Yahoo researchers turn phone touchscreens into biometric sensors

JC Torres - Apr 27, 2015, 6:10 am CDT
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Yahoo researchers turn phone touchscreens into biometric sensors

Most might be familiar with the way fingerprints can be used to uniquely identify individuals, but anyone who has watched a few seasons of CSI will probably know by now that a lot of other body parts can be used similarly. Parts like ears and palms, which, coincidentally, are body parts other than fingers that also get in contact with smartphone screens. Bearing that in mind, researchers from Yahoo have found a way to turn ordinary smartphone touchscreens into makeshift biometric scanners for these body parts.

Biometrics in smartphones like fingerprint scanners are nothing new, but they’re not exactly affordable either, which still makes it rare for devices across all tiers to add the convenience and security they offer. But what if you don’t need that extra hardware to pull off something just as accurate and something even more generic? What if all you needed was your touchscreen?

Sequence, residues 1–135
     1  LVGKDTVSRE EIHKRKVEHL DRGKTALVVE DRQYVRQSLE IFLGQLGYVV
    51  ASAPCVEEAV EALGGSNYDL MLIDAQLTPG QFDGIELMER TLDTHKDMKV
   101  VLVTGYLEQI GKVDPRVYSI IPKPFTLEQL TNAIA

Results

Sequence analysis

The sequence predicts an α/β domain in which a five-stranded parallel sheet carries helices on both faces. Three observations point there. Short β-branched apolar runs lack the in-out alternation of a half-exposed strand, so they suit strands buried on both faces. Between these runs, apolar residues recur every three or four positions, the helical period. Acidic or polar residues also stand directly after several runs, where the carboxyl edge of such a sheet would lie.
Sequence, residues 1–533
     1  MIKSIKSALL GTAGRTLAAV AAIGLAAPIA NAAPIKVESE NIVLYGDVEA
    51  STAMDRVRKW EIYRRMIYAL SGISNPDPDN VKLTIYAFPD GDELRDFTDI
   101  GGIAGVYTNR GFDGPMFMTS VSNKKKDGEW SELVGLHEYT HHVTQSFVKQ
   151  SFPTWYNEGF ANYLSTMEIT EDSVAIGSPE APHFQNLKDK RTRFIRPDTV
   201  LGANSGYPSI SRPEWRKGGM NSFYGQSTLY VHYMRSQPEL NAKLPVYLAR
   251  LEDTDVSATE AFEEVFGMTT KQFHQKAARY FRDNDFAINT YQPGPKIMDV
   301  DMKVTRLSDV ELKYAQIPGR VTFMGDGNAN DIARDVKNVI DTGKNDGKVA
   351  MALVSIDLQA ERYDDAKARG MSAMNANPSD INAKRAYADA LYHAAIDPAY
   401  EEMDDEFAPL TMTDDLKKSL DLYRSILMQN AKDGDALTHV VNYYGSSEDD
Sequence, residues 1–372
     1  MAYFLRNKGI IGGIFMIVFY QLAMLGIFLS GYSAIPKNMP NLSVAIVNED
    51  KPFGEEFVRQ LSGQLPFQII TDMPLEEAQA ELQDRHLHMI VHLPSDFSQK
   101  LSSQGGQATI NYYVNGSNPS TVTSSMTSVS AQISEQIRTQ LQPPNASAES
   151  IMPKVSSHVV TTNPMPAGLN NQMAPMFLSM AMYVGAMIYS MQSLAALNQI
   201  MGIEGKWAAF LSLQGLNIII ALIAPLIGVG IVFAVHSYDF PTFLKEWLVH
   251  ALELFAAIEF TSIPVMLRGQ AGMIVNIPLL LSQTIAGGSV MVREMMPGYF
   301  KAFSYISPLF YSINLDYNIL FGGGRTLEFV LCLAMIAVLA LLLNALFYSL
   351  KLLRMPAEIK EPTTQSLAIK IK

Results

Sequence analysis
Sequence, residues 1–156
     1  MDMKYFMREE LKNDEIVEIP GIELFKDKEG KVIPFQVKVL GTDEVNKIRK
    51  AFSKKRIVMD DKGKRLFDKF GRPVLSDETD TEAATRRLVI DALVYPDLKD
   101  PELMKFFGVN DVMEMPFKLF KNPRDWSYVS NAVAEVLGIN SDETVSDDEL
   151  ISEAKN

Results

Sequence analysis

That is exactly what these Yahoo researchers achieved with what they are calling Bodyprint. In a nutshell, the technology uses the touchscreen as an imaging sensor in order to detect not just fingers but also knuckles, palms, and even ears. These can then be used to identify and authenticate a user, or even multiple users each with their own unique finger, palm, or ear prints.

bodyprint-2

Aside from potentially becoming more available to any device that has a touchscreen, Bodyprint also extends the authentication beyond a single person use case. Two people can, for example, lock and sign a document and only when those two have given their bodyprint.

That said, Bodyprint is still in the research stage and there’s no indication yet whether anyone, even Yahoo, plans to take this further. As for accuracy, the team tested the system on 12 subjects and they got very impressive results, identifying body parts with 99.98 percent accuracy and identifying users 99.52 percent accuracy, with low false positives of 26.82 percent.

VIA: RtoZ


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